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(Un)Expected Journeys on a Cloud Migration
By Scott Chate, VP Partner & Market Development, Corent Technology
Cloud migration is a journey, and like the migrations of animals, it’s usually done more than once in a lifetime. Many of the organizations who migrate their applications to the cloud may have previously done migrations from one data center to another or from one technology to another. Each of those types of migrations has unique challenges. So, the migration to the cloud pose unique challenges.
Some of those challenges will be expected, and some will likely not. Migration to the cloud can involve deeply technical considerations ranging from hypervisor availability to SAN and security of networking, to ordinary considerations of cost and ability to transfer volumes of data to the cloud.
There are two primary ways to approach a cloud migration, wholesale shift of a data center, and application specific migration. Depending on the situation and goals of the migration either one might be the appropriate choice. Often it can be a hybrid, with some servers being migrated and in other cases some specific applications being migrated.
"For Application oriented migrations, the focus is on getting a particular application to function on the cloud"
A data center migration is often concerned with deadlines related to a contract for a data center or for the hardware that is ending. The goal is typically to get everything moved as quickly, cheaply and problem free as possible. This type of migration is most akin to the traditional hardware upgrade or data center change cycle, although doing every application in the portfolio at once can add complications.
In this type of migration, stability is a primary goal and so a technique that uses the exact image of the source server is preferable. A migration capability that allows for an automated scan and analysis of the data center (or specified sub-set of it) is essential to collect the necessary information.
What may not be expected is the work to adjust the hypervisor to one compatible with the cloud, the need to adjust VM sizing on the cloud to reflect the performance of cloud virtual machines in comparison with existing hardware. Simply having the same number of virtual CPU’s or memory allocation in the cloud may not be enough power to equal the hardware.
And with the new cloud, VM’s their may be networking and storage configurations that have to be done in a cloud compatible manner and replicate the functional characteristics that were imbedded in the original data center. The ability for the migration tool to run the appropriate configuration scripts, and at the appropriate times, is essential to a smooth transition.
For Application oriented migrations, the focus is on getting a particular application to function on the cloud. Often this is combined with a desire to improve performance and scalability and lower the costs of operating the application. This requires a much smarter approach to shifting the application.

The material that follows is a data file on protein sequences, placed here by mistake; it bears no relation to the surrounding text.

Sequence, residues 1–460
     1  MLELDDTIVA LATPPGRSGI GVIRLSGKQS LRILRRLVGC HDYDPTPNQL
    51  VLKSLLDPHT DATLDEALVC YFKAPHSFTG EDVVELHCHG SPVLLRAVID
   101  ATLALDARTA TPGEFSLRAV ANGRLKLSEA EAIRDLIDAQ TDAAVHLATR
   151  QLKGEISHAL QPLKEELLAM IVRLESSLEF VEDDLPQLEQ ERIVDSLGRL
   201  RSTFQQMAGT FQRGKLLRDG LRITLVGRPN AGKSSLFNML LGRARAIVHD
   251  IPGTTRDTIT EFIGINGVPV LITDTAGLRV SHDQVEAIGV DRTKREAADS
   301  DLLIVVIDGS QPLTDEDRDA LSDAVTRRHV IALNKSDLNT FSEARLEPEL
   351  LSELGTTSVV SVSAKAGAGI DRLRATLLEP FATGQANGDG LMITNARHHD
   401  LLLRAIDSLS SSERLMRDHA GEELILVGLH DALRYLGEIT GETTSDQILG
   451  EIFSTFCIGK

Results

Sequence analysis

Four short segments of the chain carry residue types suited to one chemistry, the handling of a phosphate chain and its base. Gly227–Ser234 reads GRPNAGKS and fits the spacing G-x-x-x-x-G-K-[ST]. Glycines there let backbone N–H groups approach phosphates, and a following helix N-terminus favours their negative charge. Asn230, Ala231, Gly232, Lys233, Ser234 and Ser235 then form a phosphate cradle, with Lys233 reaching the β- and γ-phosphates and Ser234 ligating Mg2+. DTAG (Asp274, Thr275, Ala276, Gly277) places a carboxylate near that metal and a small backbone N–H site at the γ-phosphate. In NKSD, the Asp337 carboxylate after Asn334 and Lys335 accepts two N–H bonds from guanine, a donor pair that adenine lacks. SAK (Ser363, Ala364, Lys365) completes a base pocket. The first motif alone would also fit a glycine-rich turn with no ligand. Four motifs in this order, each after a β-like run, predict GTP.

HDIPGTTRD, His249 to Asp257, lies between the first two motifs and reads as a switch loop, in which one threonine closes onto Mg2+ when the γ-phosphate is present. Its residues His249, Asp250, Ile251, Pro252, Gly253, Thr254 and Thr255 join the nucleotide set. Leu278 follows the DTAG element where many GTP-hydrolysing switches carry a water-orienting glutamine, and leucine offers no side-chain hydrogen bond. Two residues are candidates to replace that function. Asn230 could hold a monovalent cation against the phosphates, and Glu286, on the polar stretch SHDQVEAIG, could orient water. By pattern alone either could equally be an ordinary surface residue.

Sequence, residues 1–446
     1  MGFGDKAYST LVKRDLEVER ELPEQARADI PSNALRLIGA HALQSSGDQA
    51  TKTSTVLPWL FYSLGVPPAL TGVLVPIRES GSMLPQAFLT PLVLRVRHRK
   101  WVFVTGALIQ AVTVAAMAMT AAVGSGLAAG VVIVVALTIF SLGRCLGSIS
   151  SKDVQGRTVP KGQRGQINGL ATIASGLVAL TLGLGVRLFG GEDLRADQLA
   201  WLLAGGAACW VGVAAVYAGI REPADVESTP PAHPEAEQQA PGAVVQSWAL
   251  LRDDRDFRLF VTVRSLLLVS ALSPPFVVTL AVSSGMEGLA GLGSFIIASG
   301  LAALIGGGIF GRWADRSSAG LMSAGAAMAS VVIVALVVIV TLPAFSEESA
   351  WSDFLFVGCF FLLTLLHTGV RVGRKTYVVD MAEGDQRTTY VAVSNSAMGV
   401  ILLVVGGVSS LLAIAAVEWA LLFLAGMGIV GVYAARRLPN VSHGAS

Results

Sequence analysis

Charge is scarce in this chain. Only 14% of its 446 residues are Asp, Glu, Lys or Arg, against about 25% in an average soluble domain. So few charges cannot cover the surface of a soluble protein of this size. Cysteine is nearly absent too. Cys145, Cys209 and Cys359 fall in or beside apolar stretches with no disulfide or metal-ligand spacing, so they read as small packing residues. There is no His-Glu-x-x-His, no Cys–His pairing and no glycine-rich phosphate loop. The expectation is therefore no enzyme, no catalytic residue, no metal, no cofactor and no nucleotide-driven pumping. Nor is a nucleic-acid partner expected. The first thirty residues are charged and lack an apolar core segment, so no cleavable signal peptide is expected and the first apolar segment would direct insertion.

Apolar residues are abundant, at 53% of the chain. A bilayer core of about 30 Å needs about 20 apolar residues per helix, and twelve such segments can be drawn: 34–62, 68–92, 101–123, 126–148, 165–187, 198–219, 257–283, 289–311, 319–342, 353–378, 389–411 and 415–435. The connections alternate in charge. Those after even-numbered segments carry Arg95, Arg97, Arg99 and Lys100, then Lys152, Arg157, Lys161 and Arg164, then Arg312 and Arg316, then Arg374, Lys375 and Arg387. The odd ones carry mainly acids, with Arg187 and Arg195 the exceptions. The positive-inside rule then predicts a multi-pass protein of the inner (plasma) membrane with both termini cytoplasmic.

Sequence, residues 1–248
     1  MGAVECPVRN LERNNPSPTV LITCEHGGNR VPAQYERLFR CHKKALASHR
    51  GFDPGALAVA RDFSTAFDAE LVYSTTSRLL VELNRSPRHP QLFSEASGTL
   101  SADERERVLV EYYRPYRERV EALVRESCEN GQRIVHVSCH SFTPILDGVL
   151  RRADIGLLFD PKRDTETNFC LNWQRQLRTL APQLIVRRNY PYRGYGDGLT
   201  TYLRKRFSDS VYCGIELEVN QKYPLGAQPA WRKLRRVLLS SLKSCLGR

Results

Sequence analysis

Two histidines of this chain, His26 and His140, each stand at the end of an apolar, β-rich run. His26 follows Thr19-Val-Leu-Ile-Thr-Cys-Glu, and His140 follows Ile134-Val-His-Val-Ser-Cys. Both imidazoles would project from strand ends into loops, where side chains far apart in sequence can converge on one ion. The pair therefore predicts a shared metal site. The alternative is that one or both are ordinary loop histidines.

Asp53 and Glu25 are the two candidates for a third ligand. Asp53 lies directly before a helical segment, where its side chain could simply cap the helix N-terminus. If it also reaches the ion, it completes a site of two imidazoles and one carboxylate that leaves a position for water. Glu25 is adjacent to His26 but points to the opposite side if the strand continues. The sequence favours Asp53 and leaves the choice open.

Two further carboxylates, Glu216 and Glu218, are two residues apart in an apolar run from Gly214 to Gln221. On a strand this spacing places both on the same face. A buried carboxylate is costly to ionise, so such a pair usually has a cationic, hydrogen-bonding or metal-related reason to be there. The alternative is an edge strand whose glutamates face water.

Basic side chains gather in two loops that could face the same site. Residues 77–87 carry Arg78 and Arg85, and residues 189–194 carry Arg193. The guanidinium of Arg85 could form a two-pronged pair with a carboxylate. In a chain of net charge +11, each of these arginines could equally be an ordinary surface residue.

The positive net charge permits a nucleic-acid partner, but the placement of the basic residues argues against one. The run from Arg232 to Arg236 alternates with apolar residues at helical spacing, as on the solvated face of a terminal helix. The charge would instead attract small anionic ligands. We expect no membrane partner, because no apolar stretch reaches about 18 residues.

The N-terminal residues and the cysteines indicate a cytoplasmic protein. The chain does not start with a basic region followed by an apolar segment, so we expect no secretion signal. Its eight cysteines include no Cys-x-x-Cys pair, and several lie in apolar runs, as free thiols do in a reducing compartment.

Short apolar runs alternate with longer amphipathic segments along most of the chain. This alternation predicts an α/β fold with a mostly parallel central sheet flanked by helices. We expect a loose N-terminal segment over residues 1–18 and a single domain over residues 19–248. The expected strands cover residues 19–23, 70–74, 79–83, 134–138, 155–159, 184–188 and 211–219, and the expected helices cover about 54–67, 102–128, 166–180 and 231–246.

To utilize the highly touted advantages of the cloud such as elasticity and scalability, the fact that it’s essential to perform a migration that allows for a change in the topology of an application may be unexpected.
The clouds has scalability and elasticity, but only if the application is capable of taking advantage of it, and unfortunately many are not deployed in an architecture that can support those cloud capabilities. Needing involvement of an architect capable of analyzing the topology and components of an application, and designing new topologies that provide the opportunity to utilize the cloud effectively, is often an unexpected burden. Having a migration tool capability that provides both analysis of an application topology and components, and that can generate options based on goals such as higher performance, availability or scalability, and cost control, can provide an unexpected bonus to the migration.
Cost is a major factor to consider when migrating to the cloud. A migration tool capability that allows you to automatically compare projected cloud costs, either across different clouds, or using different deployment topology models, provides a way to avoid unexpected surprises. Being able to compare costs for different cloud deployment plans can often reveal unexpected good news. Sometimes implementing a scalable, elastic topology model with right-sized VM’s will allow a better performing application environment with overall lower costs by allowing dynamic changes or substitution of PaaS services for some application functions. Normally this requires extensive work in application development, but if the cloud migration capability can implement these features automatically, then there is an opportunity to get a higher ROI for the migration.
One thing that is constant in IT is change. You are likely to do another migration in the future. It could be to migrate more applications, to move to a better cloud where price, performance or reliability is better, or simply because the regulatory environment mandates that some customers must be managed on clouds that meet certain criteria. The ability to migrate again, either to another cloud, or another data center of that cloud, or to a new topology that will enhance the application further is essential in a migration tool. Having the ability to migrate to a more optimal application topology, on the same or a different cloud provides flexibility to adjust with demands as they evolve.
This ability to continuously evolve the application deployment topology and environment is essential to achieving the benefits we’ve all been told to expect from the cloud.
Established in the year 2000, Corent Technology, a California based company offers services specializing in Software-as-a-Service (SaaS), Cloud computing, Cloud, Platform-as-a-Service (PaaS), Enterprise software, SaaS appliction development and more.